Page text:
• Adenolisianthus arboreus (Spruce ex ProGel) Gilg (Syn .: lisianthus arboreus Spruce ex ProGel , Helia arborea (Spruce ex ProGel) Kuntze , Irlbachia alata . Subsp arborea . (Spruce ex ProGel) JGMPers & Maas , Chelonanthus fruticosus Maguire & Boom ): You is common in Colombia, Brazil and Venezuela.
    • Aripuana Struwe, Maas, & V. Albert : It contains only one species:
      • Aripuana cullmaniorum Struwe, Maas, & V. Albert : It is common in the Brazilian southeastern Amazon region.
    • Calolisianthus Gilg : The approximately six species are distributed in Brazil and Bolivia .
    • Celiantha Maguire : The only three species are common in northern South America.
    • Chelonanthus Gilg : The ten or so species are distributed from Mexico to Central and South America.
    • Chorisepalum Gleason & Wodehouse : The approximately five species are distributed from Venezuela to Surinam .
    • Helia Mart. : The only two species are common from Brazil to Paraguay .
    • Irlbachia Mart. : The nineor sospecies are distributed in Colombia, Venezuela , Brazil and the Guyanas .
    • Lagenanthus Gilg : It contains only one species:
      • Lagenanthus princeps (Lindl.) Gilg (Syn .: Lehmanniella princeps (Lindl.) JESimonis ex PJMMaas , Lisianthus princeps Lindl. ): It is native to northern South America on the Colombian-Venezuelan border.
    • Lehmanniella Gilg : The only two species occur in Peru and Colombia.
    • Macrocarpaea (Griseb.) Gilg : The 90 to 100 species are distributed from Central to South America and the Greater Antilles.
    • Neblinantha Maguire : The only two species are native to northern South America on the Brazilian-Venezuelan border.
    • Prepusa Mart. : The five or so species are common in southeastern Brazil.
    • Purdieanthus Gilg : It contains only one species:
      • Purdieanthus pulcher (Hook.) Gilg (Syn .: Lehmanniella pulchra (Hook.) Simonis ex. PJMMaas , Lisianthius pulcher Hook. ): It is native to northern South America on the Colombian-Venezuelan border.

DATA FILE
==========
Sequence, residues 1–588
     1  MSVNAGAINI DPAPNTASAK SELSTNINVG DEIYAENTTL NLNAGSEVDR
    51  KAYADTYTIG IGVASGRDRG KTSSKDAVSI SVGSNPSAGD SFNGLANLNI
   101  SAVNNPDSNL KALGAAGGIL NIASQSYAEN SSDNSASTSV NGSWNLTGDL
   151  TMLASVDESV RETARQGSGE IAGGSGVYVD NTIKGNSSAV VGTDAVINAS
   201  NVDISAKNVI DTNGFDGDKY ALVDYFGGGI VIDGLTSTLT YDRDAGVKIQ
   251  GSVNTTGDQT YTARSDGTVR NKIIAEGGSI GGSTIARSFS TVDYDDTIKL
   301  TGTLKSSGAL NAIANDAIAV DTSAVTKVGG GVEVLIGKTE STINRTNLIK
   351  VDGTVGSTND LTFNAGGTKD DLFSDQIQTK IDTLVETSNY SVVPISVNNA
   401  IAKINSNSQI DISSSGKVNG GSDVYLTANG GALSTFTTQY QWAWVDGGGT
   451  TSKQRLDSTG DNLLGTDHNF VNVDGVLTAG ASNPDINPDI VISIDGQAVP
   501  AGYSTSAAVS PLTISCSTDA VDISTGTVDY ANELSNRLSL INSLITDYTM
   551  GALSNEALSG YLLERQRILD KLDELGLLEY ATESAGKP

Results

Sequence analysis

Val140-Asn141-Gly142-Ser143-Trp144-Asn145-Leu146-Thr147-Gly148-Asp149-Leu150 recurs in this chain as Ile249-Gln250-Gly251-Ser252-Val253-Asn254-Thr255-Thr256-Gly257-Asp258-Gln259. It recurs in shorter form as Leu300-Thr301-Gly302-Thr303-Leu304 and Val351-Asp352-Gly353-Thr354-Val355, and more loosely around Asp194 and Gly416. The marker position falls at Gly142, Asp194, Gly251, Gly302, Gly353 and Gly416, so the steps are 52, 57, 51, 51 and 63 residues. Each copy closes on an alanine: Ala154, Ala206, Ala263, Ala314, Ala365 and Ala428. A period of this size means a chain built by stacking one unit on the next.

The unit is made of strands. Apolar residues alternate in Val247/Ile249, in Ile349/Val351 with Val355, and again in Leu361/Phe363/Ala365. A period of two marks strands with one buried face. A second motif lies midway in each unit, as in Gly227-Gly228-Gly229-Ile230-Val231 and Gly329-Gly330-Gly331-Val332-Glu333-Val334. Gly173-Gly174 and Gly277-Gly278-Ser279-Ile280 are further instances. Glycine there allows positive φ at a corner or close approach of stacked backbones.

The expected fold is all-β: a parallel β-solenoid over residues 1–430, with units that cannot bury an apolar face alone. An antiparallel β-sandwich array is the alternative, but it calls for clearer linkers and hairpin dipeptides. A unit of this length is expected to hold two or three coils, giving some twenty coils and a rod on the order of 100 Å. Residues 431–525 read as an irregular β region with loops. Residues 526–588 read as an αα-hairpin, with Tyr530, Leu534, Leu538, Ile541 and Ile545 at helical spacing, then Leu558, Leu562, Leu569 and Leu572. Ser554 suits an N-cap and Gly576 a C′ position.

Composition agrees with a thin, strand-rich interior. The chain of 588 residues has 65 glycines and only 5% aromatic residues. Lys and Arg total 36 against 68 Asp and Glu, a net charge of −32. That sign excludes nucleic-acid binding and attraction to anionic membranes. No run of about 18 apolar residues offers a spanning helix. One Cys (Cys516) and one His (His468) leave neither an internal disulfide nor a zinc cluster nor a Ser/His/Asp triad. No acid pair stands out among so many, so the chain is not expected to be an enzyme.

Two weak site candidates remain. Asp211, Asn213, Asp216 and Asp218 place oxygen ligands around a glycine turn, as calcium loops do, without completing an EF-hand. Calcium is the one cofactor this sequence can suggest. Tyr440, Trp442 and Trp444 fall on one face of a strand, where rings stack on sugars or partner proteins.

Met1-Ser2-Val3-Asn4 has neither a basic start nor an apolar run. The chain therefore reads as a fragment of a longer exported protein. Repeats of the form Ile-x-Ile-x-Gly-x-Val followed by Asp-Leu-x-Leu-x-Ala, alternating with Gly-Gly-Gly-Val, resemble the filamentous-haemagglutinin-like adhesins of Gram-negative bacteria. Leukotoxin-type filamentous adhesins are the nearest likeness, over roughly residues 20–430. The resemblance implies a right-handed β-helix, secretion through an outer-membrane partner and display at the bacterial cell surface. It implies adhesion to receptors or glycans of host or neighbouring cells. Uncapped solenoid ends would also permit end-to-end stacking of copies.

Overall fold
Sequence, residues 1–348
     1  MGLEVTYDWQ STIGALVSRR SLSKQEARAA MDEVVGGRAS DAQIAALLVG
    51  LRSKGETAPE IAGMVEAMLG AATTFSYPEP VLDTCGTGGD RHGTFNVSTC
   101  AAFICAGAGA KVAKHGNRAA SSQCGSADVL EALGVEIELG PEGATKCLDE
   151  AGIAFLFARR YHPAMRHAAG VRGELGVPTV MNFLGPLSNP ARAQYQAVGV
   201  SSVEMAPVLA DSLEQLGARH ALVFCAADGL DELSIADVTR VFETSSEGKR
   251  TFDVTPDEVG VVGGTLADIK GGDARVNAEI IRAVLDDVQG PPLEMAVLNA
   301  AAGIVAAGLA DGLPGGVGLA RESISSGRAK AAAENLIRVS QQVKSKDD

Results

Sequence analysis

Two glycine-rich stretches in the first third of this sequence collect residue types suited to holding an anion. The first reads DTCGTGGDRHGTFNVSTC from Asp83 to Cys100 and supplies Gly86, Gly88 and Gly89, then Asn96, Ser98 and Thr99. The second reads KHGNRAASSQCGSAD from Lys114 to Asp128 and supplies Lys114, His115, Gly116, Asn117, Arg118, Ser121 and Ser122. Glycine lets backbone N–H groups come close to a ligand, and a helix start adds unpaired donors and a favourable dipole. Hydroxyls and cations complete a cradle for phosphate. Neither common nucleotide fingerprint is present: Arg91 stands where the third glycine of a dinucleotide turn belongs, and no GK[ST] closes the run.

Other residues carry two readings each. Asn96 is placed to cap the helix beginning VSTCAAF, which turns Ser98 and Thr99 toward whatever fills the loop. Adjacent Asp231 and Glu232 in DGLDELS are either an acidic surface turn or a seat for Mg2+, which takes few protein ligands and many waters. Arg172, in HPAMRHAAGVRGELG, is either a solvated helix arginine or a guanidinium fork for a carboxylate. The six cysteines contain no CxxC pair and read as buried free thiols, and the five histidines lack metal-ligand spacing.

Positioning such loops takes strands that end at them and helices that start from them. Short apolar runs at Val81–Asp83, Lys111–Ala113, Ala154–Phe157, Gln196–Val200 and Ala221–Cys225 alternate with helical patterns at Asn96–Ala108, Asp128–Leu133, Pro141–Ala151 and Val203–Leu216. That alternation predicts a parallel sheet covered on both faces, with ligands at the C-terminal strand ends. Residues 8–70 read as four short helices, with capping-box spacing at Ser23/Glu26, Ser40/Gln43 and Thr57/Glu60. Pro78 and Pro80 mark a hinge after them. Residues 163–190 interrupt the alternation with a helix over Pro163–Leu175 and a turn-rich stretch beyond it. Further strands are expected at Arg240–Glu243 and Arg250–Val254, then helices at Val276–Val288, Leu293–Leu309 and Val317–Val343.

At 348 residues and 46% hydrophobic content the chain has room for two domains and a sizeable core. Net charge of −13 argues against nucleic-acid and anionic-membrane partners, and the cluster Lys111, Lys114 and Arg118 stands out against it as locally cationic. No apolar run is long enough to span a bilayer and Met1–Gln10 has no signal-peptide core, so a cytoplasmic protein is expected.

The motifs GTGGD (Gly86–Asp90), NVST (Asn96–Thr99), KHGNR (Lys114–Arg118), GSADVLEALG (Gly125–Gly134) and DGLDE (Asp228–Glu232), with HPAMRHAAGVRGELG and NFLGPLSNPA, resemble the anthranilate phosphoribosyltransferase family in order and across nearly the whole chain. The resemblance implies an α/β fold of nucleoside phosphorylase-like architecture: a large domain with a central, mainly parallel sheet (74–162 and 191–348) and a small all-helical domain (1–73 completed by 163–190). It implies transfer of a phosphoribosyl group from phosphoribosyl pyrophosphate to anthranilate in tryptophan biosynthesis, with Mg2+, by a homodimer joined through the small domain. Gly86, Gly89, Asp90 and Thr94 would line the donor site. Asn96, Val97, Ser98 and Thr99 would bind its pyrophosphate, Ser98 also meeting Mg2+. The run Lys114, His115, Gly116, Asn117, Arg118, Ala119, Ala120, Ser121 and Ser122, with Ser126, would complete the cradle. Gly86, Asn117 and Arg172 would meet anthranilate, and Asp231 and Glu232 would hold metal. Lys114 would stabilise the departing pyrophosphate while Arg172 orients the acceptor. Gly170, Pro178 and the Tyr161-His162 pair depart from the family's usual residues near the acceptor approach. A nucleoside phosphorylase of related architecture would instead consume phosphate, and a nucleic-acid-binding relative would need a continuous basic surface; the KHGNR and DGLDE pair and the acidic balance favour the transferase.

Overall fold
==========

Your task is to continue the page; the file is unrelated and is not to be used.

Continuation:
• Rogersonanthus Maguire & BMBoom : The only three species are common in northern South America and on the island of Trinidad.
    • Senaea Taub. : The only two types are common in southeastern Brazil.
    • Sipapoantha Maguire & BMBoom : It contains only one species:
    • Symbolanthus G.Don : The 30or sospecies are common in Costa Rica , Panama and northern South America.
    • Tachia Aubl. : The approximately 13 species are distributed in Bolivia, Colombia, Brazil and the Guyanas.
    • Tetrapollinia Maguire & BMBoom : It contains only one species:
    • Wurdackanthus Maguire (often found in Symbolanthus ): It contains at most two species in northern South America.
    • Yanomamua J.R. Grant , Maas & Struwe : It contains only one species:
    • Zonanthus Griseb .: It contains only one species:
  • Tribus Potalieae Reichenbach : The is divided into three sub- tribes and contains about 13 genera with about 154 tropical species:
    • Subtribus Potaliinae: It contains three genera:
      • Anthocleista R.Br. : The approximately 15 species are distributed in tropical Africa, Madagascar and the Comoros .
      • Fagraea Thunb. : The approximately 35 species are distributed from Southeast Asia via Australia to Pacific islands.
      • Potalia Aubl. : The approximately nine species occur from Costa Rica to Bolivia.
    • Subtribus Faroinae: It contains nine genera:
    • Subtribus Lisianthiinae: It contains only one genus:
      • Lisianthius P.Browne (Syn .: Lisianthus P.Browne orth. Var., Lecanthus Griseb. , Leianthus Griseb. ): The approximately 30 species are distributed in Central America and the Greater Antilles.
  • Tribus Gentianeae Colla : It is divided into two subtribes and contains around 17 genera with around 950 species:
    • Subtribus Gentianinae: It contains three genera:
      • Crawfurdia Wall. : The approximately 16 species are distributed in India, Bhutan, Sikkim, Myanmar and China (14 species).
      • Gentians ( Gentiana L. ): The approximately 360 species are mainly found in Asia. A few species each occur in Europe, North and South America, northeast Africa and eastern Australia.
      • Tripterospermum flower : With about 24 kinds; they occur in East Asia.